The East India Company’s Timeline is a gathered story of our collective world’s history. It is a story of trade and exploration, of silks, spices, tea and cricket, of timber and gunpowder, of cities and ports. It is the story of how a band of merchant traders created a company that far exceeded the sum of their ambitions, uniting distant markets, bringing people together, building and sustaining an empire. It started in 1600 and continues to today.
1600 ROYAL CHARTER
The Company of Merchants of London Trading into The East Indies is granted a royal charter by Queen Elizabeth I, established with 125 shareholders and £72,000 of capital. Sir Thomas Smythe is appointed as The Company’s first Governor. Queen Elizabeth I also limited the liability of the investors as well as her liabilities in granting a Royal Charter. This made The East India Company the world’s first limited liability corporation.
1601 THE FIRST VOYAGE
Five vessels leave Woolwich for the Spice Islands or East Indies led by James Lancaster holding six letters of introduction from The Queen, each with a blank space for the name of the local King. Lancaster intended to trade Iron, lead and British broad cloth for Spice, but made little impression as the Dutch controlled trade, and the broad cloth was deemed too heavy to be of value by those living in the tropics.
1608 LANDING IN INDIA
Ships belonging to The Company docked at Surat, and in the next two years established the first “factory” as trading posts were called, in the town of Machilipatnam of the Coromandel coast of The Bay of Bengal. Landing in India gave The Company access to spices not controlled by Dutch traders.
1613 JAPAN LANDING
In June 1613, The Clove, an East India Company ship, became the first British ship to reach Japan. Bearing official letters and gifts from King James I for retired Shogun Tokugawa Ieyasu and his ruling son, Hidetada, and with the assistance of Englishman William Adams known as ‘Anjin’ (a trusted advisor of the Shogun), the Commander of The Clove, Captain John Saris presented from England a telescope, a precious cup and cover and English Wool. In return, Hidetada presented Saris with two suits of armour for King James I, while Ieyasu gave to him ten spectacular painted gold-leaf screens, as well as a warm letter for the King and an official Vermilion Seal Letter granting the English permission to live and trade throughout Japan. This began a remarkable friendship between two countries on opposite sides of the world.
By 1668 The Company had established factories in Goa, Chittagong, Bombay, Madras and three small villages in the east of India called Sutanati, Gobindapore and Kalikata which was renamed Calcutta in 1690. The major factories became the walled forts of Fort William in Calcutta, Fort St George in Madras and Bombay castle, which developed into the great Indian Cities of today. Of these forts Fort William remains active as the Head Quarters of the Eastern Command of the Indian Army.
1733 ST HELENA, THE FORGOTTEN COFFEE
The East India Company first introduced coffee plants and seeds from Yemen to St Helena on board the Houghton from the Red Sea port of Mocha. Unique and rare in flavour, St Helena coffee is produced from a single type of Arabica bean known as Green Tipped Bourbon Arabica. It is still grown in St Helena and remains one of the world’s finest and most respected coffees. Napoleon Bonaparte, exiled to the island in 1816, remarked on the fine quality of St Helena coffee, and allegedly even asked for it as his dying wish.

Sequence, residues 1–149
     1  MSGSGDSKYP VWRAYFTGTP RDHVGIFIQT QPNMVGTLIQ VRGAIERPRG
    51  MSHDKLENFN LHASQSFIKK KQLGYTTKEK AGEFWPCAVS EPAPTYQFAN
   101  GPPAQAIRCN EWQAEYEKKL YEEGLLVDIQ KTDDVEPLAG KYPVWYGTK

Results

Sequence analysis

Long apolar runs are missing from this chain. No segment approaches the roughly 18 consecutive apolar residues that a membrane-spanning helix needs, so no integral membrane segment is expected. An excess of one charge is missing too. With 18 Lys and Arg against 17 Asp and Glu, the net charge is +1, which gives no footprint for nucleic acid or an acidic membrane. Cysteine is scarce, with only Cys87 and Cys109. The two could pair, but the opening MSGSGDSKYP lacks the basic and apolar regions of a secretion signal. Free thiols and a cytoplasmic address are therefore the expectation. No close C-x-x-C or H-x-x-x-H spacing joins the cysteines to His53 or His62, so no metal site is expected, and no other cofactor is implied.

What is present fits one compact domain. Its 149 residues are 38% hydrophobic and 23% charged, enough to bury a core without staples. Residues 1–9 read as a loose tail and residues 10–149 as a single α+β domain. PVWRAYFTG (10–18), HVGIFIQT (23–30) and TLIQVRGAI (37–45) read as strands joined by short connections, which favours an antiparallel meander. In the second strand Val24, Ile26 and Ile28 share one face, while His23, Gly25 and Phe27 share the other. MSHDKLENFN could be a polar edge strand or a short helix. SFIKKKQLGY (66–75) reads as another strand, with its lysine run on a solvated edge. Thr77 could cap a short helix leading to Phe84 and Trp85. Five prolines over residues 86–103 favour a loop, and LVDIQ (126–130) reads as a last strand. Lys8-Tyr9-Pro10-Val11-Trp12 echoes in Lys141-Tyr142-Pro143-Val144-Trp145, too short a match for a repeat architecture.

1773 BOSTON TEA PARTY
The Boston Tea party was driven by resistance throughout British America against the Tea Act, passed by the British Parliament in 1773. Colonists objected to the Tea Act because it violated their right to be taxed only by their own elected representatives. Men thinly disguised as Mohawk Indians dumped 342 chests overboard three ships, the ‘Dartmouth’, the ‘Eleanor’ and the ‘Beaver’, loaded with tea from The East India Company.
Today, a single chest, with its original East India Company marks survives at the Boston Tea Party Ships & Museum in Boston, Massachusetts.
1848 DARJEELING TEA ESTABLISHED
Robert Fortune, a botanist, was hired by The Company to obtain the finest tea plants from China to establish plantations in India. His efforts resulted in the shipment of 20,000 plants to the Himalayas, establishing Darjeeling as one of the finest tea producing regions in the world, and India as the dominant world tea producer it is today.
1873 EAST INDIA COMPANY STOCK REDEMPTION ACT
By the time of The Act’s passing, the East India Company was effectively dissolved, as The Crown had assumed all governmental responsibilities held by The Company by The Act for the Better Government of India. The Company’s 24,000-man military force was incorporated into the British Army, leaving it with only a shadow of the power it had wielded years earlier.
Its legacy was to last forever, as quoted by The Times in 1874, “[The Company] accomplished a work such as in the whole history of the human race no other company ever attempted and as such is likely to attempt in the years to come.” Queen Victoria, the ruling monarch at the time, became the first monarch to use the title ‘Empress of India’.
2010 EAST INDIA COMPANY IS REBORN AND THE FLAGSHIP STORE ON CONDUIT STREET OPENS